A participatory epidemiological study of major cattle diseases amongst Maasai pastoralists living in wildlife-livestock interfaces in Maasai Mara, Kenya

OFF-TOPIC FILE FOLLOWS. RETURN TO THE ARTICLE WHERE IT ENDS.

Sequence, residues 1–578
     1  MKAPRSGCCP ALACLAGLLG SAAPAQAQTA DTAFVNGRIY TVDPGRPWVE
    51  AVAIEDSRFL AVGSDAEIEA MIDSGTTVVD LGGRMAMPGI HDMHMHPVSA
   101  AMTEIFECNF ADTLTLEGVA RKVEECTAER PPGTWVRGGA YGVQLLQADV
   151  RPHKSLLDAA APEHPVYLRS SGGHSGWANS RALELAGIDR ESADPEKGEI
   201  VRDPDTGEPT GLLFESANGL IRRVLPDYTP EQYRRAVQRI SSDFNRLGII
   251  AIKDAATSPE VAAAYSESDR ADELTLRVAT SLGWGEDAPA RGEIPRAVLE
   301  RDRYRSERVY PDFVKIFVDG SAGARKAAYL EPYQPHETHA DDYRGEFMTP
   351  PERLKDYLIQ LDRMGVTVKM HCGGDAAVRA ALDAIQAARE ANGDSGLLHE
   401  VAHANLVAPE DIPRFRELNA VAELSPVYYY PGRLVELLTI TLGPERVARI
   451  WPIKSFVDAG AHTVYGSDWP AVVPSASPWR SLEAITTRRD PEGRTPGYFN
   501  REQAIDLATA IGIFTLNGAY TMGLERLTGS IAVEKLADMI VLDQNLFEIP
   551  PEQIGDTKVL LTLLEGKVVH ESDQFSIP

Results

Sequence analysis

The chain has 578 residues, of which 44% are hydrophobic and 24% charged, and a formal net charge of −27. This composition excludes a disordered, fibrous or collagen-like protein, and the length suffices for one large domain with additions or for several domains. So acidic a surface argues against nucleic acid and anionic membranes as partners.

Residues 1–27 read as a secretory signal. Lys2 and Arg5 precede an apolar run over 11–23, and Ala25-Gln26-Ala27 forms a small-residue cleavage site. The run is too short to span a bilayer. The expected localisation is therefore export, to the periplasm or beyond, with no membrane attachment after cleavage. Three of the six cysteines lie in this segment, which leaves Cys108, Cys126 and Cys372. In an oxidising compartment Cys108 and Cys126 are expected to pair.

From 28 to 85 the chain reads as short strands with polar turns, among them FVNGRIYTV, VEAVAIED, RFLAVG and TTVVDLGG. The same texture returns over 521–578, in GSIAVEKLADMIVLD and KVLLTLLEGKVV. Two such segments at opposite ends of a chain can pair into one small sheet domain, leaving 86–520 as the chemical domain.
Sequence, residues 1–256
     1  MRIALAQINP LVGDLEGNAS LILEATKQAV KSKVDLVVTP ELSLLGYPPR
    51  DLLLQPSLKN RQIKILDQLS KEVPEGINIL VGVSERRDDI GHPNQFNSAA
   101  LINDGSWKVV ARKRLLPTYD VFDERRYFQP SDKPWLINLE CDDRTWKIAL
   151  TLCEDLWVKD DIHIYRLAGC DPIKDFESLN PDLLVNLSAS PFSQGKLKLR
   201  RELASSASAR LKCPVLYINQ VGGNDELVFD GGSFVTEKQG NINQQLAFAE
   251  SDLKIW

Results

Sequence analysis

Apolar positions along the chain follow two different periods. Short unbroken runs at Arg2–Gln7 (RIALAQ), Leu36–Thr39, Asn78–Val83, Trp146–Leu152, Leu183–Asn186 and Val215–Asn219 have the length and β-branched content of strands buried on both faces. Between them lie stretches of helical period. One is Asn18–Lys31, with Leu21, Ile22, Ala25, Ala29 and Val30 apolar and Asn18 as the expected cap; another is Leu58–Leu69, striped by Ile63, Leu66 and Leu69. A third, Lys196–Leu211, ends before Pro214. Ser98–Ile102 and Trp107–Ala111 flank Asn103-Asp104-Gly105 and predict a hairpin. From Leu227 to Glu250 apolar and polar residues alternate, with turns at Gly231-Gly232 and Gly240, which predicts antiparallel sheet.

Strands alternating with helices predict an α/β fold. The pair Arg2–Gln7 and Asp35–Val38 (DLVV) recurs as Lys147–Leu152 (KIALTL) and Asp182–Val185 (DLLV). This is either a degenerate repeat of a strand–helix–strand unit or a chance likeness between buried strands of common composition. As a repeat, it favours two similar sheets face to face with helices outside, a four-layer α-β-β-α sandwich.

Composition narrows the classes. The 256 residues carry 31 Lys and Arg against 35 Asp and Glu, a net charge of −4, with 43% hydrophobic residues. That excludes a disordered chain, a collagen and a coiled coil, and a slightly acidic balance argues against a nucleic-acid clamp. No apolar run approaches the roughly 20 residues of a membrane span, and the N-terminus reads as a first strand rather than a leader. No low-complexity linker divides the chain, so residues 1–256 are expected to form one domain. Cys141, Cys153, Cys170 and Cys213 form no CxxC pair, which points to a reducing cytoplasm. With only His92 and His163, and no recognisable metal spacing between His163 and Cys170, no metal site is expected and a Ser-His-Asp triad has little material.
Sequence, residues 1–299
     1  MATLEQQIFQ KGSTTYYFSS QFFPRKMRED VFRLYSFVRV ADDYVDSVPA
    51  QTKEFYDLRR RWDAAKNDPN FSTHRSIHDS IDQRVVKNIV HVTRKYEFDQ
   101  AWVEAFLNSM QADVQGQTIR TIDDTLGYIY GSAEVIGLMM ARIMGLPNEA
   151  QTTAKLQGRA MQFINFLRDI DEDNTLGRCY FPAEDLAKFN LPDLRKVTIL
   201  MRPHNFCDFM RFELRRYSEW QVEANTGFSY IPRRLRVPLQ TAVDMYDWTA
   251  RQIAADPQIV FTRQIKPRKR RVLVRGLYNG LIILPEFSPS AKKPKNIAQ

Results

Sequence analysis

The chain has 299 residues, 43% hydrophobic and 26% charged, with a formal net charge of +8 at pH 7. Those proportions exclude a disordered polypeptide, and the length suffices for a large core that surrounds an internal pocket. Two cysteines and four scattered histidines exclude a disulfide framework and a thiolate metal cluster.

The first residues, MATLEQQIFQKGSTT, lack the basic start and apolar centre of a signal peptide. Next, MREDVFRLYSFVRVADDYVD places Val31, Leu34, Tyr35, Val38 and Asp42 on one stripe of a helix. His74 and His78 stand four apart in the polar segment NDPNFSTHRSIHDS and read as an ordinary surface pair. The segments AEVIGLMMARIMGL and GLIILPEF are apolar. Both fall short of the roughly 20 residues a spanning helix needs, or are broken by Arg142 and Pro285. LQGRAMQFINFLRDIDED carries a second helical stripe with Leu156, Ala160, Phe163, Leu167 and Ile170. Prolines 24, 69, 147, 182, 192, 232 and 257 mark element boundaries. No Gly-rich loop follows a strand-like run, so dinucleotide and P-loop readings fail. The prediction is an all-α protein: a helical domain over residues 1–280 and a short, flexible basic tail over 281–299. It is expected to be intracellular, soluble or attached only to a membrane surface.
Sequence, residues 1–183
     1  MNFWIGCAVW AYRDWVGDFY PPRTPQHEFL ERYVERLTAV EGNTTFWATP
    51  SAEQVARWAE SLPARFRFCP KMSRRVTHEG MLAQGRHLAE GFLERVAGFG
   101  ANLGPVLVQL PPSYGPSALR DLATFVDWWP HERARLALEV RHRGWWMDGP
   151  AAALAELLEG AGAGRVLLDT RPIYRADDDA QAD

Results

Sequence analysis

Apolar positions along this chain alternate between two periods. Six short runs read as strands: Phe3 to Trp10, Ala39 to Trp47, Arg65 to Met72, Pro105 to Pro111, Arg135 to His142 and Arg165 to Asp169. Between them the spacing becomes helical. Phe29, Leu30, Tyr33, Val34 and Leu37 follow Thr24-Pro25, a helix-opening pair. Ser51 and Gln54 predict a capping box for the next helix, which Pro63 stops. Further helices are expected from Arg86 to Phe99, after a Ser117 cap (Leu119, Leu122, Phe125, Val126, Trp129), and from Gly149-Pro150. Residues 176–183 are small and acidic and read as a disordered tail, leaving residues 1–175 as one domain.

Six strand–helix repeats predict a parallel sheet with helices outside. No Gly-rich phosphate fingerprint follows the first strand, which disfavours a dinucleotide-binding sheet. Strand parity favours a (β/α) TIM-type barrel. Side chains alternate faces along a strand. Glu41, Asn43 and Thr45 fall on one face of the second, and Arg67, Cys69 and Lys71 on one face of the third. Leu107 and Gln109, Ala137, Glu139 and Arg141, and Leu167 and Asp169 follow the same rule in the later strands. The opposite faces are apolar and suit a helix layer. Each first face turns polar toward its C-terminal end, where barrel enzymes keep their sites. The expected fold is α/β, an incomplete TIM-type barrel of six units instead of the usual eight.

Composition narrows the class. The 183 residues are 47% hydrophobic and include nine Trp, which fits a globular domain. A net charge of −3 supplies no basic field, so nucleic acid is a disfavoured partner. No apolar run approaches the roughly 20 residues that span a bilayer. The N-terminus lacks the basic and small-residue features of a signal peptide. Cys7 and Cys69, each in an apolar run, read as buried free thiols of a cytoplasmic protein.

Livestock-wildlife interactions promote the transmission of a wide range of infectious diseases that constraint livestock production. We used a participatory appraisal approach to find out and rank infectious diseases of concern to pastoralists in a zone of intense wildlife-livestock interaction and another zone with limited interactions. Four villages were selected purposively in areas with intensive cattle-wildlife interactions (zone 1), and another two in areas with low to moderate cattle-wildlife interactions (zone 2). Data were collected in focus group discussions (FGDs) using participatory epidemiological methods (PE); each group had 8–13 participants. Results of impact matrix scoring from all sites indicated that malignant catarrhal fever (MCF), anthrax, foot and mouth disease (FMD), contagious bovine pleuropneumonia (CBPP), east coast fever (ECF) and African animal trypanosomiasis (ATT), in decreasing order, had the highest impact on livestock production. A Kruskal–Wallis test revealed a significant difference in FMD annual prevalence between cattle age groups (p < 0.001) and was the highest in animals > 4 years (median score of 32.5, range, 10–50). FMD had the highest impact on milk production, but based on veterinary costs (treatment costs), it was ranked second to CBPP. The study provides information on disease priorities that occur in the target zones in Mara ecosystem and which the local pastoralists must consider when accessing key ecosystem services such as water and pasture.